Mims: Do you think it’s the same thing today as whenever you were working, the same kind of system?

Snead: Well, the way they have the computers and everything, but I think the system is the same, that you’d have to verify things, you know. That’s what the military depends on us for.

Mims: Right, so it’s just not somebody calling in and saying this and the service person gets told not the right thing cause that could be kind of distracting I’m sure.

Snead: And sometimes they would try to get them home when there wasn’t any reason to you know except they wanted them home (laughter).

Mims: Did you ever have opportunity to travel with the Red Cross?

Snead: I never went out of Wilmington. I mean I’d go you know to the surrounding counties, but no, I never went overseas. I’ve been to Portugal, Spain and Morocco, and they have Red Cross over there, but I never did anything for Red Cross.

Mims: On a global basis. Well, it certainly has enriched our community to have Red Cross here and it sounds like your life was definitely different because you were part of the Red Cross.

Snead: Oh I just loved it and growing up with a grandmother who spent her life doing for others, she really did. And I would go with her and as my granddaughter said in that , you know she just liked the good feeling she had.

Mims: So a young person coming along today looking to participate in something like this, how would you tell them to get involved?

Snead: Well, I think they’d have to talk to the Director of Volunteers, Paula Recko around there. I don’t know what they have in the way of youth activities now.

Mims: But isn’t it kind of better to get people involved at a younger age?

Snead: I think it is and to have them, you know, to love the Red Cross.

Mims: There’s no program to try to include high school kids. I mean they have a lot of time and energy (laughter).

Snead: I really don’t know. At one time we did. I started something, working with the health occupation teachers called ‘Volunteens’. We gave them that same kind of course you know that I had from the home nursing course and they could go, well they didn't do bed baths and things like that, but they could go and read to the patients and they too had uniforms. See the candy stripers out at the hospital had red, don’t they, and then we had blue. I was in the Altrusa Club and was the community services chairman so we bought uniforms for the girls.

They went to Davis. They were supposed to go to places that were non-profit, you know, and they went out. I can’t remember the number of places that they went to help out or they would just sit and talk to the older people and they loved having them. I remember one girl saying that a man handed her a urinal and she didn't know what it was so she poured the water down the drain, filled it with crushed ice and took it back (laughter).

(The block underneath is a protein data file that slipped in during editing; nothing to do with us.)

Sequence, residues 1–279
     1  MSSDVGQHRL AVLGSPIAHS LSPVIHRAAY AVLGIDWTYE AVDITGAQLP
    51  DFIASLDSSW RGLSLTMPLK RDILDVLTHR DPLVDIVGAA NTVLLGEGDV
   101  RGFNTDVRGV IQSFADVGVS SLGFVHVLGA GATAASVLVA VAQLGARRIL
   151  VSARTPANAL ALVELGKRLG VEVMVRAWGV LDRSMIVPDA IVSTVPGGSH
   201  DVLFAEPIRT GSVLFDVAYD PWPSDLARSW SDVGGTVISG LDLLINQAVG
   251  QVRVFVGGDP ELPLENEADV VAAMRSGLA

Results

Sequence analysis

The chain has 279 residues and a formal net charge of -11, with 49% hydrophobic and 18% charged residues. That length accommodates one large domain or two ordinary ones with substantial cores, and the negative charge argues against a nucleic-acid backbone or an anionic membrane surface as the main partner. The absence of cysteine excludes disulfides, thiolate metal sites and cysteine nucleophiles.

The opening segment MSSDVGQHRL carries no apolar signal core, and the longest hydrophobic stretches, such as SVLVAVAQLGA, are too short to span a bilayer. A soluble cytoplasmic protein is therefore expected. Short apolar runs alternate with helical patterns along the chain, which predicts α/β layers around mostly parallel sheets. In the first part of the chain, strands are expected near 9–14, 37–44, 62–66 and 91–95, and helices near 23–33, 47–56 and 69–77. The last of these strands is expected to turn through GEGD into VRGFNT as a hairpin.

Mims: Is that program still in place?

Snead: No.

Mims: What happened to it?

Snead: I don’t know. See they had a change of directors, you know, and things just changed.

Mims: Hmm, that’s a shame cause it sounds like it was a nice program.

Snead: Oh yes, we had a lot going and I felt like children, you know when they reach a certain age, they should know something about first aid and we had a junior first aid course and I went over to the… I don’t know whether it was the school board or what and asked if we gave the books because we had a drive in the schools and they gave money and the money was just spent on youth things, and I said, it would be nice, I can remember as a fourth grader in Richmond that the Red Cross offered us swimming lessons and I thought wouldn’t it be nice if the fourth graders could take this junior first aid course.

So we trained the teachers as instructors and they agreed it would be a good idea cause it wasn’t going to cost the school anything, you see. And we had several mothers to call and say things their children had done to help others. You know one said that one of her children had something stuck in his throat and we had taught that child to do the Heimlich maneuver and it came out. The child might have died.

Mims: Was this a program put in place in the school system?

Snead: Uh-huh and then it too stopped. Well we stopped having the first aid; I mean the roll call in the schools. You know the children would get a button and then give their nickels and pennies and dimes. You know how everything is changed now.

Mims: Well that’s a shame that we’ve lost track of that cause I think that young people should be involved at an early age.

Snead: Uh-huh and not to do some big thing, but it’s also important to know what not to do you know.

Mims: That’s true and I’m a parent of a child who’s taken many Red Cross courses and find that a lot of her friends do not even know about these. So you know a change in the community as to what is…and I know the CPR courses there have to be renewed every year, right to keep you certified?

Snead: Uh-huh.